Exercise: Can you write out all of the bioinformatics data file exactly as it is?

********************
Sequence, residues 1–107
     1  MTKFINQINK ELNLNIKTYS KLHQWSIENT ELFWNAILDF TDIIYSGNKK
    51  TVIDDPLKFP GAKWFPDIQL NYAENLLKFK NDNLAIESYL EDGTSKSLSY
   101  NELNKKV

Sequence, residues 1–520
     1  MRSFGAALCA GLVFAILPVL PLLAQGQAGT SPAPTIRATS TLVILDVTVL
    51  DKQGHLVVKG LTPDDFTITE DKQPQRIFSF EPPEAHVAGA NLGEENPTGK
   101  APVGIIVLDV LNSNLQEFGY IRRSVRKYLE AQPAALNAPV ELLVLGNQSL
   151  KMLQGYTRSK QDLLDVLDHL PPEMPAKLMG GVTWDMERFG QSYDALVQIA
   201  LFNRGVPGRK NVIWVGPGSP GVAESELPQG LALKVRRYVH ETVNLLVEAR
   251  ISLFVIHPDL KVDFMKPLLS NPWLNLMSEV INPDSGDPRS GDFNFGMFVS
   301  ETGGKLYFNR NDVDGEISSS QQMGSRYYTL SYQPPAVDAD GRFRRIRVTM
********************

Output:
Sequence, residues 1–107
     1  MTKFINQINK ELNLNIKTYS KLHQWSIENT ELFWNAILDF TDIIYSGNKK
    51  TVIDDPLKFP GAKWFPDIQL NYAENLLKFK NDNLAIESYL EDGTSKSLSY
   101  NELNKKV

Sequence, residues 1–520
     1  MRSFGAALCA GLVFAILPVL PLLAQGQAGT SPAPTIRATS TLVILDVTVL
    51  DKQGHLVVKG LTPDDFTITE DKQPQRIFSF EPPEAHVAGA NLGEENPTGK
   101  APVGIIVLDV LNSNLQEFGY IRRSVRKYLE AQPAALNAPV ELLVLGNQSL
   151  KMLQGYTRSK QDLLDVLDHL PPEMPAKLMG GVTWDMERFG QSYDALVQIA
   201  LFNRGVPGRK NVIWVGPGSP GVAESELPQG LALKVRRYVH ETVNLLVEAR
   251  ISLFVIHPDL KVDFMKPLLS NPWLNLMSEV INPDSGDPRS GDFNFGMFVS
   301  ETGGKLYFNR NDVDGEISSS QQMGSRYYTL SYQPPAVDAD GRFRRIRVTM